Keeping the American Snapping Turtle as a pet 

Despite its snapping tendencies and large size, the American Snapping Turtle can be kept as a pet so long as it is provided with the right conditions and diet to allow it to thrive.

Here are the key considerations for anyone looking to keep the American Snapping Turtle as a pet.

Lighting

Like many turtle breeds, a UV fluorescent bulb is recommended in the area where you keep your American Snapping Turtle.

A 12-hour off and 12-hour on light period will help optimize the turtle's health, stabilize their mood and fight off any diseases. Turtles that don’t get enough light will often end up stressed and could be riddled with health issues. 

Captive conditions 

American Snapping turtles grow pretty big, so they are best kept in a small child’s pool. You can line the pool with gravel, and provide rocks or a turtle ramp as a basking platform.

The water should be kept around 75F to 86F during the day and can drop by 10 degrees at night. In order to keep the pool clean and free from contamination, you should also change at least half the water twice a week.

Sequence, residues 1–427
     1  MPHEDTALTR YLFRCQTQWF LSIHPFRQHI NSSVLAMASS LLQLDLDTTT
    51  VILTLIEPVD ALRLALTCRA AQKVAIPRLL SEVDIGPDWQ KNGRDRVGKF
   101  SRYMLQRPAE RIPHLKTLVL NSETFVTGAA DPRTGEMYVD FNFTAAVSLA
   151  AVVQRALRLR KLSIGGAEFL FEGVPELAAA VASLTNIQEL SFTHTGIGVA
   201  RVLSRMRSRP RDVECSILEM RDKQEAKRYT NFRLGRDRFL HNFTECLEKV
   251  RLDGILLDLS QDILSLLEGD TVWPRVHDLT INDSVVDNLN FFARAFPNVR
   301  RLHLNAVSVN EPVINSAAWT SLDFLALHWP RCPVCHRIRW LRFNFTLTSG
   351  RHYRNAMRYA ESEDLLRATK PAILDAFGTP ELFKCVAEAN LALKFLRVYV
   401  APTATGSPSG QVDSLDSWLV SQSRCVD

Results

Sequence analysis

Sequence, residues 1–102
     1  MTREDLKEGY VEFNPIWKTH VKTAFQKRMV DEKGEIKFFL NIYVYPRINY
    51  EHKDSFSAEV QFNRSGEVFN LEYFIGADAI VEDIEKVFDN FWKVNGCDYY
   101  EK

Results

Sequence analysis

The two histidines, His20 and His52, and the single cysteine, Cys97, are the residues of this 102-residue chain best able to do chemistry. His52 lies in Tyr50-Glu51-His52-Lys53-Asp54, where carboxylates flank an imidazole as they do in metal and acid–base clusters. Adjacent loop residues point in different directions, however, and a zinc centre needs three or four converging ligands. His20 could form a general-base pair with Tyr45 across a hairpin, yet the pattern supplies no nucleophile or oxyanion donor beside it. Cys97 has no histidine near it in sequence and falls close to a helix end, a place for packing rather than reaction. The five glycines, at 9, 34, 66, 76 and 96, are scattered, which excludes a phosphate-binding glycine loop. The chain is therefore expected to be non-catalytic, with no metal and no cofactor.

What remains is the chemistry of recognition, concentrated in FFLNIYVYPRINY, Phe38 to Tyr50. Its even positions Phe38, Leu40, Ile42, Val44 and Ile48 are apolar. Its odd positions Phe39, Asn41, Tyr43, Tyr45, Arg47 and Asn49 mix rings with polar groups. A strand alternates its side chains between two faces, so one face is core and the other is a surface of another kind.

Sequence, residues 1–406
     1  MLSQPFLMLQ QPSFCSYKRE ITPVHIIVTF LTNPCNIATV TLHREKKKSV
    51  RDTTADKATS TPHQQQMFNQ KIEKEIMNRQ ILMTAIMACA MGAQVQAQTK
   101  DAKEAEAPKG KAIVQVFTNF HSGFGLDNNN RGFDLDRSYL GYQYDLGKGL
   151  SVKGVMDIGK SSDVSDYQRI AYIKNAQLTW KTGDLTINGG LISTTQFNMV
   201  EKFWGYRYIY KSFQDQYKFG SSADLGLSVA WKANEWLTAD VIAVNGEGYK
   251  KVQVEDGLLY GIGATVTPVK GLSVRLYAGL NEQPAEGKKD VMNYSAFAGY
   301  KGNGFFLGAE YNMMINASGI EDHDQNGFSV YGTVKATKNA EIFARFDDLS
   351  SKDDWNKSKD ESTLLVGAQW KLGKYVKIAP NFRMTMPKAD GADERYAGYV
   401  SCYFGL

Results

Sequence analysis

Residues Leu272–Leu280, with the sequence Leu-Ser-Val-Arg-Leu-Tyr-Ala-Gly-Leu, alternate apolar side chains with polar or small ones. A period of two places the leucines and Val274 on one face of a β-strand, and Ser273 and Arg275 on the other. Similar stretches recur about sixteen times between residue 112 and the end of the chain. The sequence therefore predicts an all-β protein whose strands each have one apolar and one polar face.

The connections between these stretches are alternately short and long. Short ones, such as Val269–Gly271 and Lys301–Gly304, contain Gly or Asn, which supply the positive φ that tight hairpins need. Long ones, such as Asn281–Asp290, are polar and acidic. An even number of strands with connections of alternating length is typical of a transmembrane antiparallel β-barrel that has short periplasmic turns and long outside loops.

You’ll also want to install a full-spectrum reptile light to ensure your reptile has sufficient access to light. 

On the other hand, you may wish to keep your American Snapping Turtle indoors instead. While little hatchlings can be kept in a 10-gallon tank, they grow extremely fast, and adult snapping turtles will need a 55-gallon tank before long. This is why many pet owners opt for a paddling pool instead.

Temperature

American Snapping Turtles are best kept at a moderate room temperature.

If they are kept in a tank or specific enclosure, they should be provided with a basking lamp over the shallow area of the tank so that they can bask in the water during the day. 

Diet

The American Snapping Turtle has quite a diverse and varied diet. They’re omnivores and are known to eat anything, including both meat and vegetables. The majority of their diet is made up of vegetables but they are also known for eating fish and snakes.  

As pets, they can be fed a diet of moderate size minnows, crayfish, goldfish, or pond snails, as well as vegetation such as water hyacinth and elodea. Young American Snapping Turtles enjoy eating guppies, mealworms, and ghost shrimps.

Rather than feeding them store-bought food, they’ll enjoy fresh meat such as chicken, turkey, fish slabs, and beef heart. For vegetables, they can be fed romaine lettuce or mustard seed.

They can also enjoy an occasional sweet treat in the shape of fruits like strawberries, bananas, or apples. However, it’s important not to feed them these too often as too much fruit can be dangerous for them.

Final Verdict 

The American Snapping Turtle is an endangered species and if you intend to keep one as a pet it’s essential that you have the space, set-up, and resources available to adequately care for this fascinating species and allow it to thrive. 

Dorothy Razo